Former William Aberhart high school students call for curriculum change
CALGARY -- Sixteen years after graduating from William Aberhart High, three former students have decided the time is ripe for meaningful change.
Citing the broad cultural shift towards acceptance and equality inspired by the Black Lives Matter protests, three Calgary friends are calling for change in classrooms as well.
Nicole Dodd, Cinde Adegbesan, and Pam Tzeng have initiated an online campaign calling on the Minister of Education to alter the curriculum and address racism in schools across Alberta.
“As three racialized Albertans who have done all of our K-12 education in Alberta, we felt there was a gap in the education system in terms of reflecting racialized voices,” said Dodd. “Students need to learn about difference, appreciate difference, and accept difference,” she added.
The group has once again joined together to create a website filled with resources oriented around anti-racist education for both teachers and students. The page also features a link establishing a direct e-mail to Adriana LaGrange, Alberta’s Minister of Education.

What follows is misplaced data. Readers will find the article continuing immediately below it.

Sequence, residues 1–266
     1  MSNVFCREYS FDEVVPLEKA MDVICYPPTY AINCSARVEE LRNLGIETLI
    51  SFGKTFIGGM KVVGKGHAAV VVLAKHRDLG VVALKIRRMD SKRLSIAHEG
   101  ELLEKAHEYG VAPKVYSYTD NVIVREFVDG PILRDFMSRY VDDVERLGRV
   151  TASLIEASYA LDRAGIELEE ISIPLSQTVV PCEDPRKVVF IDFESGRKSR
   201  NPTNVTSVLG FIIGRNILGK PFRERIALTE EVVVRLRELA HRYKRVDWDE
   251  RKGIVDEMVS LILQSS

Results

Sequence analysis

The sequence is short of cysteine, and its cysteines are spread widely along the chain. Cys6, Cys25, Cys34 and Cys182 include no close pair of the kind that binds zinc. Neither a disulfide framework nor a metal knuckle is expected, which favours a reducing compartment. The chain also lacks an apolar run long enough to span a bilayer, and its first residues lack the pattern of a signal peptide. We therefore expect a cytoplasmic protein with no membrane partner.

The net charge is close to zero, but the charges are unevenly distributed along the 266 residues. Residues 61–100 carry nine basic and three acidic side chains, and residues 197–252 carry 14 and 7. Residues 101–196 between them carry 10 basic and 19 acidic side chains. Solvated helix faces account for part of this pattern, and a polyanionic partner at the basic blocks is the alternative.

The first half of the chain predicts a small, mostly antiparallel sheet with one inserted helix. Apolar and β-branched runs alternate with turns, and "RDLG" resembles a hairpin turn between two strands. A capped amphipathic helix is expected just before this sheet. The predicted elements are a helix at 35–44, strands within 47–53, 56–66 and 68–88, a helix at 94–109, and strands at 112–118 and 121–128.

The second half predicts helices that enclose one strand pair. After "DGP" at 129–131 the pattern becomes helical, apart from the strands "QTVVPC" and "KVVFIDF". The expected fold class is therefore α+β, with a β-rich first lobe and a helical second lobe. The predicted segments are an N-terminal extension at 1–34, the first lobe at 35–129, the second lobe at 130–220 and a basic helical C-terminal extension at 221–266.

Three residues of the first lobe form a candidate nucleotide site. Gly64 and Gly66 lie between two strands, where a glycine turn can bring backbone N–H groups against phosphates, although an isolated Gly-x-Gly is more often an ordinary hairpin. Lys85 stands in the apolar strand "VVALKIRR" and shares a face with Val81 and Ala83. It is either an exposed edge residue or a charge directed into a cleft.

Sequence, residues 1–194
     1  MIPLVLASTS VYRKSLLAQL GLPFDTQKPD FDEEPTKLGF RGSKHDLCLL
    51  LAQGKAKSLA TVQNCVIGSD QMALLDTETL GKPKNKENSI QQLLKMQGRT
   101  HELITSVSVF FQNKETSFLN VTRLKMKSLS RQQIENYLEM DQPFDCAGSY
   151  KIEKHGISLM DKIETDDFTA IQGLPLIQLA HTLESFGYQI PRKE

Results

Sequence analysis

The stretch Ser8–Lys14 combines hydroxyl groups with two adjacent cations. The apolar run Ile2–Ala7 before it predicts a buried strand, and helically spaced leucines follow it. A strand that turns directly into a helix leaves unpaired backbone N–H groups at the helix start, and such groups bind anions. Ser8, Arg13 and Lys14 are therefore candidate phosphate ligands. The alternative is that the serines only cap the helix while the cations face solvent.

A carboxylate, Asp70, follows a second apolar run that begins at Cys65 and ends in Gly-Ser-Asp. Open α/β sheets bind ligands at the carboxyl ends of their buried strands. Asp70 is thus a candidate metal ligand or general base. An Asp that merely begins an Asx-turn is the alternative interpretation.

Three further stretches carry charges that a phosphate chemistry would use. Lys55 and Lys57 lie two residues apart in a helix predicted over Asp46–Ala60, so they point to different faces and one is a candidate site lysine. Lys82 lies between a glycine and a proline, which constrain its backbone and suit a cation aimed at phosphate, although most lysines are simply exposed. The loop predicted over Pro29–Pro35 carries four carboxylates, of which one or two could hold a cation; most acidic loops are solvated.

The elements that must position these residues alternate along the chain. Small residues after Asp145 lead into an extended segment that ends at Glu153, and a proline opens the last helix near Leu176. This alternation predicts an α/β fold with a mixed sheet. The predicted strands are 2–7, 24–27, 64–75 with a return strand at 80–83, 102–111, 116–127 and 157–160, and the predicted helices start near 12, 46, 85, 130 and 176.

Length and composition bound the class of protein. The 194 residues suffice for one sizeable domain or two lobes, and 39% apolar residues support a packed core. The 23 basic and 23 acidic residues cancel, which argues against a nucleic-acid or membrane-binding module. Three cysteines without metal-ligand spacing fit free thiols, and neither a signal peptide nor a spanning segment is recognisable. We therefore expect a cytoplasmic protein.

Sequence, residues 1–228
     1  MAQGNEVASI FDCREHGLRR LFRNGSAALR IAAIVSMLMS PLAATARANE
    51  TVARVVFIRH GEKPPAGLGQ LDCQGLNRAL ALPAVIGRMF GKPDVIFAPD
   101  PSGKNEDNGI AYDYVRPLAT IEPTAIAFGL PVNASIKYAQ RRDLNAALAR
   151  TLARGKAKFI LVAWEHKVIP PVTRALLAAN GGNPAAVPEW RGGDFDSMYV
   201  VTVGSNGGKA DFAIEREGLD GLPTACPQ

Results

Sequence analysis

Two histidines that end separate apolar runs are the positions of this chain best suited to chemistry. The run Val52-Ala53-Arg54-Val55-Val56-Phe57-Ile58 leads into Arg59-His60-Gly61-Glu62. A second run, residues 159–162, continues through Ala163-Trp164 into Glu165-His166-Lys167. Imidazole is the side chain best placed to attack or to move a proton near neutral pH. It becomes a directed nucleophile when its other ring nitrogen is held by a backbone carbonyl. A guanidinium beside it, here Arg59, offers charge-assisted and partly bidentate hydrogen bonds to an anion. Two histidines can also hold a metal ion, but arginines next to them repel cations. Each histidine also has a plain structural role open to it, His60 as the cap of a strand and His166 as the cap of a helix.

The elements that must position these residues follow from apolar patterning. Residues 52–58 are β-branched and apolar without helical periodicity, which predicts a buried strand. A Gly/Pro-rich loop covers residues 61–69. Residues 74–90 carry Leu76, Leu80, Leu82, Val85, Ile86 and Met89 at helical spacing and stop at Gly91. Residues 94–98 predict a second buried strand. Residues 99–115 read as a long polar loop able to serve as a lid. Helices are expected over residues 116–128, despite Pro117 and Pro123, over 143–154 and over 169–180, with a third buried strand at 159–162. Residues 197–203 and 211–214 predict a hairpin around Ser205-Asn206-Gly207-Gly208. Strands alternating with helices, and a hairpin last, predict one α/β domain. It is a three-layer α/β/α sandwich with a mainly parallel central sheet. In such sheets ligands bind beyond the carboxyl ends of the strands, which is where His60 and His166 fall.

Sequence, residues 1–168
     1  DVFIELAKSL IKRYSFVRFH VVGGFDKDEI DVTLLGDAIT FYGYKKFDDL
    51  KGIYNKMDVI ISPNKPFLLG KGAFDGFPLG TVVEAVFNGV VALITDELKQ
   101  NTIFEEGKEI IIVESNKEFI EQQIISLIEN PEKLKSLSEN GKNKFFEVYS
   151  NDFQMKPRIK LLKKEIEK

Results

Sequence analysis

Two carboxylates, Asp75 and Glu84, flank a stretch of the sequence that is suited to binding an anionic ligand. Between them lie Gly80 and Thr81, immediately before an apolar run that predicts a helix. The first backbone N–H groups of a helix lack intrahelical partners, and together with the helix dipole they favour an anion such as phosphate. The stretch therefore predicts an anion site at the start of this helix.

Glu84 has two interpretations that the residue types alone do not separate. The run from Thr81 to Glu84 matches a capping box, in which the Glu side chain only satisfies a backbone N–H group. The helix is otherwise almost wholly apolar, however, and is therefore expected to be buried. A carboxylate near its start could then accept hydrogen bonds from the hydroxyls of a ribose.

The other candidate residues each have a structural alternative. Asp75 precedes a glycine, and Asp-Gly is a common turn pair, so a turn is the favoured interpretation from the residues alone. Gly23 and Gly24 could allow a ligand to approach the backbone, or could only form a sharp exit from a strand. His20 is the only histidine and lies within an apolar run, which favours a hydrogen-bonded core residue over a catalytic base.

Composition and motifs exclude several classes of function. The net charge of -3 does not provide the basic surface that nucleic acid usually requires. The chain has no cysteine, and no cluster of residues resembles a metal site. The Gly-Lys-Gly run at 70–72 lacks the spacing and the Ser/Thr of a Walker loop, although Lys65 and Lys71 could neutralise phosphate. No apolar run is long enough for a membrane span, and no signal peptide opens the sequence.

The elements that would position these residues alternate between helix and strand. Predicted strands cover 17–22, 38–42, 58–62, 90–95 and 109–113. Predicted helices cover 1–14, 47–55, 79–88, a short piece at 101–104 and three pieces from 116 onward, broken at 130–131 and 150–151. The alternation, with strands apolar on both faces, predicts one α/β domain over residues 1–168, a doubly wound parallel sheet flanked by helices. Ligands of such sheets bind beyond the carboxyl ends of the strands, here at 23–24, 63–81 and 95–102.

“We need to be equipping students and teachers to actually have tangible skills to deal with racism that has existed since Canada was born,” said Tzeng, who became friends with Dodd in high school.
“Identifying difference, valuing difference, and how do we systemically address that? When we get there, we’ll really have a beautiful future,” added Tzeng.
Becoming friends in the early 2000s as they negotiated the challenges of being visible minorities in an Alberta high school, the group say schools, and society in general, haven’t enacted much reform.
“We have realized that very little has changed since our time in high school,” explained Adegbesan. “There’s only a couple pages of textbook material on black history, and most of that is black American history,” she added.
“There is a need to talk about the history of black people in Canada, there were black communities throughout the country, we need to learn and talk about that.”
The group encourages any member of the public concerned with the Alberta school curriculum to visit their site.